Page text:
Big Data Analytics (BDA) and the Internet of Things (IoT) are some of the most exciting and rapidly-changing phenomena in the world. These two fields are closely connected, since IoT devices generate (and stream) lots of data which typically requires BDA to create actionable insights and, in many cases, control these devices. Let’s take a look at what interesting happened in these two areas last week (September 12-18, 2016).
The largest IoT device?
Let’s start with one of the favorite subjects for data storage, distributed computing, and big data analytics professionals: CERN. This article reminds us how much data CERN generates and collects and how much storage and compute power is needed to deal with this data:
“Together, the LHC experiments produce more than 30 petabytes of data per year. CERN’s Data Centre (including its remote extension in Budapest, Hungary) provides 250 petabytes of disk storage space and around 200,000 computing cores. Analysis of the physics data is made possible by a global network of more than 170 computer centers known as the Worldwide LHC Computing Grid. Each day, more than 2 million jobs run on this network.”
The article also infers that the CERN super-collider could be viewed as one large IoT device with “approximately 50,000 sensors and other metering devices the center uses to capture operational data from its accelerator complex. The data is then analyzed by a team of data scientists to ensure these accelerators are operating at their full potential—and if not, identify what resources are needed so that they do.” Looks like a nearly perfect example of the IoT-BDA synergy.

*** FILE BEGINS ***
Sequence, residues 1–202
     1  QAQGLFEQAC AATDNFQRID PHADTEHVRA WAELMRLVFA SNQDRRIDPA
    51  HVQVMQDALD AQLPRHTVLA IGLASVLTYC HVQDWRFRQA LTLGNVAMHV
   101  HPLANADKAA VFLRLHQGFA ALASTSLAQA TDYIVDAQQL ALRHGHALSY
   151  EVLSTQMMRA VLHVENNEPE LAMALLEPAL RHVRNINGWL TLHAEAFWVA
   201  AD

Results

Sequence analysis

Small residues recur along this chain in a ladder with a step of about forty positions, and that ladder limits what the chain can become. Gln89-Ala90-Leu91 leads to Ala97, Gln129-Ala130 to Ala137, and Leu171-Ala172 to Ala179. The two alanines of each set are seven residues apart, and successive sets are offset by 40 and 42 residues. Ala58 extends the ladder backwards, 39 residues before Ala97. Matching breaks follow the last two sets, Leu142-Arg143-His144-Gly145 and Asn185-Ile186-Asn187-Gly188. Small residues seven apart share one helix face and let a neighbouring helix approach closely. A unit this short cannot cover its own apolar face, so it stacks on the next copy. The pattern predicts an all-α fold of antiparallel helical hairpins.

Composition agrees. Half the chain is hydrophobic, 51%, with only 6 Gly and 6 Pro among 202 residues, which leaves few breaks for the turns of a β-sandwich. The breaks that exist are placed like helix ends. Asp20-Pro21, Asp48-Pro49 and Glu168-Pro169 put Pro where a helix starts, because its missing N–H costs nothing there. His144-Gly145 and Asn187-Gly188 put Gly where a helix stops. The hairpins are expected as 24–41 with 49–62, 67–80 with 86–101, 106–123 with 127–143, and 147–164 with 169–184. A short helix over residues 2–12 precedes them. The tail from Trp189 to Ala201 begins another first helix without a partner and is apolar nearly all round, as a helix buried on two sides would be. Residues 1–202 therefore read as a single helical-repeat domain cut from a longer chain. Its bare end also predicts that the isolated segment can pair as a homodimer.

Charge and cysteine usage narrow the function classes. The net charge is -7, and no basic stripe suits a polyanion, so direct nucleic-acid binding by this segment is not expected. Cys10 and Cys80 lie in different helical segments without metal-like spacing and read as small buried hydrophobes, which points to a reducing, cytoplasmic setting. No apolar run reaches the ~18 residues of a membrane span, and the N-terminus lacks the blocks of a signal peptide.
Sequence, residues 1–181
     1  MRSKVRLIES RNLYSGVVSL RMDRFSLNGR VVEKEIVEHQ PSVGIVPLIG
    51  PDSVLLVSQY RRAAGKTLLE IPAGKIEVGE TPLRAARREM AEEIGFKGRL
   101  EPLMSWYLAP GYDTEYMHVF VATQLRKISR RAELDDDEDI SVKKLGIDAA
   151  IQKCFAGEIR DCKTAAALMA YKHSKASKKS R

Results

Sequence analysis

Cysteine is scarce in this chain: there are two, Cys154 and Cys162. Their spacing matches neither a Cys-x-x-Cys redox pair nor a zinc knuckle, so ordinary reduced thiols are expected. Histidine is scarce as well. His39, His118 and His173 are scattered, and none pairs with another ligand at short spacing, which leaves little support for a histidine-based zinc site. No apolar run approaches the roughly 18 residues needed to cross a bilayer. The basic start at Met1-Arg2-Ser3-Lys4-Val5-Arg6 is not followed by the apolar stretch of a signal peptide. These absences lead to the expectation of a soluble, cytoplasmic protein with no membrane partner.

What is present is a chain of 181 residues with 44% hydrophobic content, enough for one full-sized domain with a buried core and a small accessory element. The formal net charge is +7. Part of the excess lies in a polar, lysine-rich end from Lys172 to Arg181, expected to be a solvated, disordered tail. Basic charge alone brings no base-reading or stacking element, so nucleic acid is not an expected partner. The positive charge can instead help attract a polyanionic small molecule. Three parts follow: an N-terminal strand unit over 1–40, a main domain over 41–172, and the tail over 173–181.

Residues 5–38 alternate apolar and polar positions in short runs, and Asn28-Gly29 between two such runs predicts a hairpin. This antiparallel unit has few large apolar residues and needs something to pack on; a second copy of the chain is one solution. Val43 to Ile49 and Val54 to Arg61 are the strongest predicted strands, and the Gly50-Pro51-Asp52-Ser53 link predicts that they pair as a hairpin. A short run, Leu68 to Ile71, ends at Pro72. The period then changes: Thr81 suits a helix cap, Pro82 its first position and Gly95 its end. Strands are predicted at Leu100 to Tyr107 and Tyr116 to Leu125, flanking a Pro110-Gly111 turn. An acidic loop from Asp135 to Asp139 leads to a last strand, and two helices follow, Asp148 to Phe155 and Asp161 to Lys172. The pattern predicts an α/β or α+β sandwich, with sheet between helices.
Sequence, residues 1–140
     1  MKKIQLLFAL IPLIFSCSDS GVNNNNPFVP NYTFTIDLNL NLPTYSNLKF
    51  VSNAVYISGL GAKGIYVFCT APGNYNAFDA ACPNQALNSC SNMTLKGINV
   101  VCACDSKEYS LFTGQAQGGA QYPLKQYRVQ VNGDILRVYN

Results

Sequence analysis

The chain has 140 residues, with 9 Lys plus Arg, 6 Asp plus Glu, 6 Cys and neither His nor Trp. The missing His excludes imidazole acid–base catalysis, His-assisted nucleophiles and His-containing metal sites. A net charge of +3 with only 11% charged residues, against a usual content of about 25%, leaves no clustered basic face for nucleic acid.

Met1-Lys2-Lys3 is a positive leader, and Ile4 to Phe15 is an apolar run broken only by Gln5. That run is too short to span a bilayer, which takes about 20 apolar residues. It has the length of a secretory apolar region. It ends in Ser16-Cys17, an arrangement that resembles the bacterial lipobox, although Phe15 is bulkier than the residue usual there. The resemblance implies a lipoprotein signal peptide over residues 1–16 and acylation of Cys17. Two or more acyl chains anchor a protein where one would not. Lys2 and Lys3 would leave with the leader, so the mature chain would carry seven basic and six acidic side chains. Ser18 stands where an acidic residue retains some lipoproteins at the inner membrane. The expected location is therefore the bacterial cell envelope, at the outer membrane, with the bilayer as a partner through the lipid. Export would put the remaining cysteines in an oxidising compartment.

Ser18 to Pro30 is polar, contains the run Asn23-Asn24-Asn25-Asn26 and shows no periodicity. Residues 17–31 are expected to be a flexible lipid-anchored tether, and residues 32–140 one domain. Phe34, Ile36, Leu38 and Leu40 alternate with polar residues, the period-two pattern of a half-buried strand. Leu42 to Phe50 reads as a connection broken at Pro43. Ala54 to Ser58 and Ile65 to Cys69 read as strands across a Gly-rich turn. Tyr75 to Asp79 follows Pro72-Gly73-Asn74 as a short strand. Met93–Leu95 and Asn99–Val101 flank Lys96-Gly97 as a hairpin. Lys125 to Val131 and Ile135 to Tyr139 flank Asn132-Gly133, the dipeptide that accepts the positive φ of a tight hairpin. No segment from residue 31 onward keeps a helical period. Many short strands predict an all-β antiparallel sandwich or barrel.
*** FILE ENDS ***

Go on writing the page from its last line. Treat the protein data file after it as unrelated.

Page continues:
IoT Security – dangers and actions
IoT security is, probably, the biggest concern for the people involved in it. Even governments take notice of this issue. For example, On Sep 9, Reuters reported that the US Justice Department has formed a research group with the purpose of analyzing the national security vulnerabilities of self-driving cars, medical tools and other network-connected devices. As an example of already existing IoT issues, the article mentions that “in July 2015, Fiat Chrysler Automobiles NV recalled 1.4 million U.S. vehicles to install software after a magazine report raised concerns about hacking, the first action of its kind for the auto industry.”
According to this study, “100% of reported Internet of Things vulnerabilities in connected home and wearables products do not have to happen. If manufacturers and developers take security and privacy measures into account throughout the development process, breaches need not be fatal.” This information is comforting. At least, the hacking problem can be controlled for some IoT devices. However, the authors of the study note that things do not get too easy in the IoT industry:
“If businesses do not make a systemic change we risk seeing the weaponization of these devices and an erosion of consumer confidence impacting the IoT industry on a whole due to their security and privacy shortcomings.”
You can check out more of this study if you are interested in their analysis of the main “glaring failures” leading to IoT security issues.
Data has personality?
We all agree that modern data could be very diverse. A somewhat unusual article in Forbes states that “information management company Veritas suggests that this [data] diversity has created a world where we can think of different forms of data having different ‘personalities’ rather than just different values.” Modern data comes in different sizes and shapes, at various speeds, levels of importance (criticality), hot/cold, structured/unstructured, etc. According to Forbes, Veritas “has come forward with the ‘data personality’ analogy as part of series of comments issued in line with its latest product releases in the cloud data management segment.”